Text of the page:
shot and posted by Owen Smith
So, question out of the blue: Do hearses in Canada follow the US style with covered rear windows or the “Commonwealth” style with glass rear?
I’m Canadian and have never seen one with a glass rear.
I took the above picture in Canada, so that should help answer your q!
So it looks like the main vehicle is a pre-2011 T&C, due to the headlamps and side trim, but the tail lights are from a 2011+ post-refresh version. Wonder what the backstory is there.
One of the first things I noticed was the rear bumper area has been reconfigured and shortened. I’m guessing it’s to facilitate getting equipment in and out of the van. I suspect there’s been other modifications to the vehicle to accommodate it’s mission. I actually rather like that rear bumper change, it makes the van look sleek.
That’s fairly dressed-up for a funeral coach, IMO. I think I’d like to be ferried to the other side in a van like that…
One of the local funeral homes around here has a whole brace of these fifth generation vans as first call vehicles. They’re all black with heavily tinted windows and a discreet logo of the funeral home on the slider door window.
What I really want to know is the size, manufacturer and model of those alloy wheels on the coach. It’s not easy finding nice looking aftermarket wheels for the “Toaster” minivans and those look great.
Powered by biodiesel from the ‘auxiliary tank’.
Coachbuilt Chrysler minivan hearses, as opposed to stock ones with at most detachable landau-iron panels, are rare but they exist. This one was used for the funeral of Lee Iacocca (since surely he couldn’t take his final ride in a Caddy, had he ever been in a GM car apart from a competitive ride-and-drive at the proving grounds?)
A rear view (small, but the only one I could find) shows a fully coachbuilt rear with the taillights from a 300;
Landau vinyl roof and opera lamps, nice, but they really should have put on whitewalls, wire wheel covers, and a Rolls-ish grille for Lee’s last ride…
If Chrysler is going to kill the 300 sedan this could be an affordable way to keep the 300 moniker alive. If they put a porthole window where the landau bar is and threw in those reclining second row seats from Kia, I’d be interested.
That’s neat! I wonder if the same builder is responsible for that and the original post van. Mixing Chrysler minivans with different tail lights and all. Maybe it’s their schtick.
I’m kinda surprised they didn’t have a pair of 1965 Mustangs turned into limousines for the family to ride in! Wasn’t Lee once said to be the “Father of the Ford Mustang”?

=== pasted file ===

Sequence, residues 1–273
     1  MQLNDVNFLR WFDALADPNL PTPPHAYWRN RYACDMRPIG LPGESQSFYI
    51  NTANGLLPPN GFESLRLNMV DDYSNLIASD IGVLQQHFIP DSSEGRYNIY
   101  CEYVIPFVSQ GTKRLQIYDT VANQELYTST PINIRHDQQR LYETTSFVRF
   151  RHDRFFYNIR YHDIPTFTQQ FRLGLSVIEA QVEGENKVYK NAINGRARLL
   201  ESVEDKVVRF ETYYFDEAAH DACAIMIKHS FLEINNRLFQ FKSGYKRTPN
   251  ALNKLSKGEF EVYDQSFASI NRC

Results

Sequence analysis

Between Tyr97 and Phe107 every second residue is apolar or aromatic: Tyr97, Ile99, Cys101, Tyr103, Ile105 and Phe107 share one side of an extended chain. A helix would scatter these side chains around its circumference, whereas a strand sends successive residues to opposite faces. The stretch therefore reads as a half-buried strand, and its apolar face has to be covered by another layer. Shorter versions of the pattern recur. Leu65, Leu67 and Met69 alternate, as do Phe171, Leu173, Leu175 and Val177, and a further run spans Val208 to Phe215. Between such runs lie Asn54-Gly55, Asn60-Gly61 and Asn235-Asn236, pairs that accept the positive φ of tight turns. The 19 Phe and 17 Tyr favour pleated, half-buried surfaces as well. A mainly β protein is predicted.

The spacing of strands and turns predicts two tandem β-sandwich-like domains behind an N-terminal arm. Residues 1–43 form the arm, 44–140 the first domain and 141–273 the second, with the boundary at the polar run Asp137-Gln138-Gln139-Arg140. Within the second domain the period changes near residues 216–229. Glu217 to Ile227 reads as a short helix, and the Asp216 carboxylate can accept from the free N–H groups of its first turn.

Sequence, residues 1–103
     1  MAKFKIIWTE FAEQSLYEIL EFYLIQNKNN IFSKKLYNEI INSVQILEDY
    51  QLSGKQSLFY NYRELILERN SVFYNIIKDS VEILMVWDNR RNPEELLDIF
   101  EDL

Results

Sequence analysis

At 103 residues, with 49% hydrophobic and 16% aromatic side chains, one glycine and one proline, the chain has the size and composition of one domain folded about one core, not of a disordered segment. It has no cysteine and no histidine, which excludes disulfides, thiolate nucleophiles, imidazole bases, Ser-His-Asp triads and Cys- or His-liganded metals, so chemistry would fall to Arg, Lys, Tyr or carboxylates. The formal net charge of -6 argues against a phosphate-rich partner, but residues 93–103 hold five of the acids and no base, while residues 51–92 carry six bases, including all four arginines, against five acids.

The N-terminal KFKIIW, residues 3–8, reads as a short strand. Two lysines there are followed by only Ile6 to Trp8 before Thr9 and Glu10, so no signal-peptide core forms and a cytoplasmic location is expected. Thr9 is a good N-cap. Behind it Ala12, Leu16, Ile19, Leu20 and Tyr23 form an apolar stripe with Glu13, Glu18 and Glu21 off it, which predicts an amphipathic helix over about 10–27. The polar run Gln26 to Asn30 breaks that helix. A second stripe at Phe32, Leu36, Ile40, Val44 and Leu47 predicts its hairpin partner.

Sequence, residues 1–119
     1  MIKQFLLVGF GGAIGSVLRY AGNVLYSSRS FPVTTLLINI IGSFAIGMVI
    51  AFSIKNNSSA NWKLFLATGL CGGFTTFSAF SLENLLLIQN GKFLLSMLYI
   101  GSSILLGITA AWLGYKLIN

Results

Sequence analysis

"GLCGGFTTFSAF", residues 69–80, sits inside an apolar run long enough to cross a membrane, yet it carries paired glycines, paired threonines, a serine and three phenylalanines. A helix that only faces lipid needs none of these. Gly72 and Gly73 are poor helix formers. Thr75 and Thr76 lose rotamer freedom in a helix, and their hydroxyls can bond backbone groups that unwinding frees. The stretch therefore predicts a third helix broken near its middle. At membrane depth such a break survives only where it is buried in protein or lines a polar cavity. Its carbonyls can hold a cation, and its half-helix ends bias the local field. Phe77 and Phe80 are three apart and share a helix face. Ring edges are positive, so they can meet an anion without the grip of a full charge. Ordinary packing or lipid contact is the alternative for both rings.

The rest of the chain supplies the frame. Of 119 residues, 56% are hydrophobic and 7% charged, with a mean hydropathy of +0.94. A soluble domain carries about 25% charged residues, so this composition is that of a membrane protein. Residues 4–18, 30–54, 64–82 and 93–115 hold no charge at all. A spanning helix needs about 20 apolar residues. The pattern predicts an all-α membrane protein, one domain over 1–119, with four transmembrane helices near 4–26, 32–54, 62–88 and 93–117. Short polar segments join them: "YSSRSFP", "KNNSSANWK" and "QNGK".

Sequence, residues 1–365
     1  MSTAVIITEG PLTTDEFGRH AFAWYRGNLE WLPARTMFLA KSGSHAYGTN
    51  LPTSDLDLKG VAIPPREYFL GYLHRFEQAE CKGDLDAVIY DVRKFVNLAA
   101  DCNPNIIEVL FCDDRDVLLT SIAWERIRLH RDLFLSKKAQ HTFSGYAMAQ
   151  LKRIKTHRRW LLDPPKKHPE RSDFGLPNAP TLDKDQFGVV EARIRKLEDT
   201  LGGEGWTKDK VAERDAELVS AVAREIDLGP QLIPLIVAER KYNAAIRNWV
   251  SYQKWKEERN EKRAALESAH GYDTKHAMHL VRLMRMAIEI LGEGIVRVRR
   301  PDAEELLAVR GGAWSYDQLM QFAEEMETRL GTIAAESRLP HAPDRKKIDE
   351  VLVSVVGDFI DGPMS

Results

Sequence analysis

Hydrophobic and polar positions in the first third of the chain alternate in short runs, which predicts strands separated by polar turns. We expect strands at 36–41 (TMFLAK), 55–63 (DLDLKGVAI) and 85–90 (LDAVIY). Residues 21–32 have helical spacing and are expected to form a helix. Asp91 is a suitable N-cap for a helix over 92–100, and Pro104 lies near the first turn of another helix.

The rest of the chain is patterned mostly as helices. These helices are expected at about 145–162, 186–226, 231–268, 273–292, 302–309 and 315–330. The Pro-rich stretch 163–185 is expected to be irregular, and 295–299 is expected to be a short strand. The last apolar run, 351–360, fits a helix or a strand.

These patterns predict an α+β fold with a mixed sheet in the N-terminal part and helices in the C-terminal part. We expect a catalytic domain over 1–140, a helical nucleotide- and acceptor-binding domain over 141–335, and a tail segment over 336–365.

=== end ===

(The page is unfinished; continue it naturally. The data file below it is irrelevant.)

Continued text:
There was a cougar sedan from 1977-1979. I’d go with the 1967-1971 suicide door Thunderbird though.
This just goes to show that minivans are always the reasonable choice.
No real comment on the hearse aspect, but I dig the paint colour.
Agreed. Green is an underrated color, and I wish it would come out of hibernation to help bust greyscale square in the chops.
The choice of vehicle and the color make sense given the funeral services company to which is belongs, which is a Green Burial company, specializing in low-cost and low-impact arrangements.
From their website:
We do not have large investments in property, facilities or funeral cars, which means we can keep our costs down and prices low.
A green 10+ year old Chrysler is a good fit for a company with that mission statement.
This reminded me of my mother-in-law visiting us in Chicago when my wife and I first married in 1975. Attached are pictures of two transport vehicles and two disposal sites operated by the City of Chicago. This was my ultimate idea of low cost disposition of remains. Whenever my mother-in-law came from NYC to visit us in Chicago, I would pick her up at O’Hare and drive her by one of these city incinerators on the way home and I warned her if she kicked the bucket on our watch, one of these facilities would be her final destination destination as an intact corpse prior to the bulk waste shredder.
This photo of the White was taken in 1963, when the Department Streets & Sanitation chose orange trucks prior to switching to their now ubiquitous baby blue trucks. Background was the then-new Chicago Southwest Incinerator. Pic. 2 shows a newer Chicago truck and the City’s Northwest Incinerator when new in 1972. My M-i-L was a wonderful, smart woman with a wicked sense of humor, (this was payback) and died a few years later in NJ and was buried next to my father-in-law. But I sure had fun giving her guff when she visited us in Chicago.
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